Any good LOR will do several things:
1) Attest to your intelligence, intellectual curiosity, academic strengths, etc
2) Attest to your ability to work as a member of a team (What kind of a person you are to work with, friendly, helpful, rude, always late)
3) Attest to your motivation and interest in the field you are applying to (Pathologists, obviously, know what the field is like and are best equipped to evaluate this, but others may be able to contribute something useful. A surgeon, for example, may talk about your interest in pathology and how you were a great help in learning about these issues in regards to your patients).
4) Talk about what kind of a resident you would be (likelihood of completing assigned tasks, ability to work under pressure, working long hours, working under supervision, accepting and encorporating criticism)
5) Talk about what you are like as a person (People like to work with people they like. No one likes a brown nose, no one likes a snob)
6) Have some insight into your future career plans and how your qualifications stack up with these ideas (Do you like research, plan on academics, are you a budding teacher)
So, if you have a close relationship with a primary care physician, this might be a good letter to have for a pathology interview. However, pathologists want to hear from other pathologists who know what kinds of people become excellent pathologists and what it takes to succeed in residency. If you did significant research with someone, that would be an excellent suggestion for one of the three letters, or perhaps a 4th letter at some places.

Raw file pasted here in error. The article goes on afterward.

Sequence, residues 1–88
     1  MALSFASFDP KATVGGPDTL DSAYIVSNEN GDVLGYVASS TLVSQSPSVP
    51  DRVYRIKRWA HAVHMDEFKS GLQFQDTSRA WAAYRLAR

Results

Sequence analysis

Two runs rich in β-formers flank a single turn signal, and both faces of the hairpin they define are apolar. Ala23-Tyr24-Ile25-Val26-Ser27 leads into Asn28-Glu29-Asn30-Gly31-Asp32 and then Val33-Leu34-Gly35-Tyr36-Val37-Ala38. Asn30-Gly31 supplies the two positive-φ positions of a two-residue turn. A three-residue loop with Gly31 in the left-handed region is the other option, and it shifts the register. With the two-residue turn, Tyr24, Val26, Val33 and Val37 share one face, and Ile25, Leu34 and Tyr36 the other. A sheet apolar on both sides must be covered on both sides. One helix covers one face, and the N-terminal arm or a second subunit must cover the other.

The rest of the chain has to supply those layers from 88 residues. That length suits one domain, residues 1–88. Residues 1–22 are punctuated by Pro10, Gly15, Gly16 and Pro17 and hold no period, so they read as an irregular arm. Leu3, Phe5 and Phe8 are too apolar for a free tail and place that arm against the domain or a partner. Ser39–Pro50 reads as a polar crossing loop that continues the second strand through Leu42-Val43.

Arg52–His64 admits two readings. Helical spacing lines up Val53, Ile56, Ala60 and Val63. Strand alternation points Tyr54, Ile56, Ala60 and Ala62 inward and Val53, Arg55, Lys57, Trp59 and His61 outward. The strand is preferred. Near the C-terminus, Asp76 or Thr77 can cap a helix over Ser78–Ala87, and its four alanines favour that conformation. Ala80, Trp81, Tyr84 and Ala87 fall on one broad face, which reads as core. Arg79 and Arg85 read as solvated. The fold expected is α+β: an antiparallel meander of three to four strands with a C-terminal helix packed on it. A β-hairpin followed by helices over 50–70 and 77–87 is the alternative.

I had all 3 letters from pathologists. 2 were from my home school and were people I met and worked with a lot during my PSF. The 3rd was from an away rotation I did early in my 4th year. I thought about getting a letter from 1) a surgeon I worked a ton with and who knew me from pathology as well, and who I talked with a lot about path-related issues, and 2) A primary care internist who I spent a month with and who could attest to my interpersonal skills, academic curiosity, etc. But I went with the pathologist, because while the other 2 could say nice things, the pathologist letters best related to residency issues. My dean's letter had lots of comments about my clinical rotations and interpersonal issues.